• Meg Keene

      It just strikes me how much women are having to take the fall here. Woman (probably, potentially) gets assaulted. Sister has to make the stand with the family for a decade. Now woman marrying into the family has to try to manage the sister’s feelings, sort through her own feelings about being collateral damage to a decade old (probable/ possible) assault.

      I don’t have a solution or a perfect course of action, it just reflects life as I know it, and it pisses me off.

      • sofar

        And just the assumption that the bride is responsible for “handling it” and is often the default “handler of wedding things.”

        Stepbrother is the groom’s relative. This is something HE and his family need to deal with.

        It sucks for the sister to not be able attend on principle (and I applaud her for having such principles). But having principles has consequences, and she needs to just say, “I’m not coming.” Ideally, the stepbrother would find out and then bow out instead.

        If sister tries to rope the bride into this, the bride needs to say, “I have given your brother and his parents full responsibility over his side’s guest list. I have agreed not to interfere, even if I don’t agree. I am sorry.”

      • TheOtherLiz

        Well, that’s my thought to, but what if the fiance is doing just as much emotional labor on this, and he’s just not reading APW? When a sticky situation pops up related to weddings or marriage I love coming to APW for advice, but it seems mostly women are reading this blog (apologies for generalizations – I know I read a post about two men’s wedding just the other day, there are gender nonconforming folks on here, and not all women are in hetero relationships). But I read less into this that the fiance is asking her to figure it out.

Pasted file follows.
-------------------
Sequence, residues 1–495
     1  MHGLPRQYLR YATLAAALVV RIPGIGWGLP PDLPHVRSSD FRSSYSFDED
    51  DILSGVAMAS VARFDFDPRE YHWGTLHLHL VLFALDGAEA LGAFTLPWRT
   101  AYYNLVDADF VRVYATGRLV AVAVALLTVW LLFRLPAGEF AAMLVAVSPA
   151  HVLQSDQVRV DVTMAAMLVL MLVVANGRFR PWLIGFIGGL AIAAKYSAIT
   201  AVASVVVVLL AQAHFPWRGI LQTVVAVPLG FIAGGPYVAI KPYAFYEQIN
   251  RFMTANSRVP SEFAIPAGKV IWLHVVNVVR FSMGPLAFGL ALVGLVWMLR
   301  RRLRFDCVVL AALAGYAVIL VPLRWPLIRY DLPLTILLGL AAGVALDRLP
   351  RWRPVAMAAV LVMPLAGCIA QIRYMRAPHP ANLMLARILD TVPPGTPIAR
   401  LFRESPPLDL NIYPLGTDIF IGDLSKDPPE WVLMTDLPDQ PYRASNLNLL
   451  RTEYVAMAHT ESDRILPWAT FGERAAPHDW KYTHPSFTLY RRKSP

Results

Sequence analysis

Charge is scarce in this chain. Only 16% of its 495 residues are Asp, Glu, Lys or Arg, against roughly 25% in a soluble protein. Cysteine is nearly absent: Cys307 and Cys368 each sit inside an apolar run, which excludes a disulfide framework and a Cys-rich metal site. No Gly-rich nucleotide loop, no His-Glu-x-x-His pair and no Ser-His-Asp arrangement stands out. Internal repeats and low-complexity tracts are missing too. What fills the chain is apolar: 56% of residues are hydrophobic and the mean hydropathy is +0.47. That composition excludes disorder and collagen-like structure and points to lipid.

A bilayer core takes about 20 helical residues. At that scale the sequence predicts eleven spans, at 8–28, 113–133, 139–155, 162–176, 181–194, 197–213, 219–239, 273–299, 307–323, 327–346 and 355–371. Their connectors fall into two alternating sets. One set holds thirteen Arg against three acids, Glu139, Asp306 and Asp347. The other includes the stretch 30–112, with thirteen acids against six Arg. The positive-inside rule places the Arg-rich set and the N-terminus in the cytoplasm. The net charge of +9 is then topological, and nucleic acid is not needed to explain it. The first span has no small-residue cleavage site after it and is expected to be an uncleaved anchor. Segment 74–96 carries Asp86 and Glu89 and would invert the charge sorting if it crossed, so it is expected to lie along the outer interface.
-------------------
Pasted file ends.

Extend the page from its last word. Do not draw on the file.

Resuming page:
• Alex Eichler

          Did I miss something or is there an APW for men? The fact that this blog exists and it’s largely run by and read by women is proof of the fact that women do most of the emotional labor when it comes to weddings, generally. The OP’s fiance may be the exception, but right now men being equally or more involved in planning weddings IS the exception, and generally women DO do more emotional labor.

          • TheOtherLiz

            I’m not trying to say women DON’T tend to do most of the emotional labor because HI, I’m a woman who planned a wedding and lives in reality and I know this to be true myself. What I am saying is, we don’t know that in this case her fiance is leaving it to her to figure out. Why? Because she didn’t say that he did. And her writing to APW for advice doesn’t prove it’s been left to her to worry about because, as I said, this is a mostly-women space. HE wouldn’t be likely to turn to this community but it doesn’t rule out him doing some work on it. Let’s not beat up on him without knowing what he’s up to.

    • I really like this response. And echoing what someone else said above, it would seem that the family has probably already made the decision several times to believe the stepbrother (with holidays and other family gatherings and such). I also really don’t think it’s the bride’s job to try to manage all of this; it’s the fiance’s. In any case, if he (and the family and the friend) have made the choice that the accuser was lying, I’m not totally sure why it’s a question.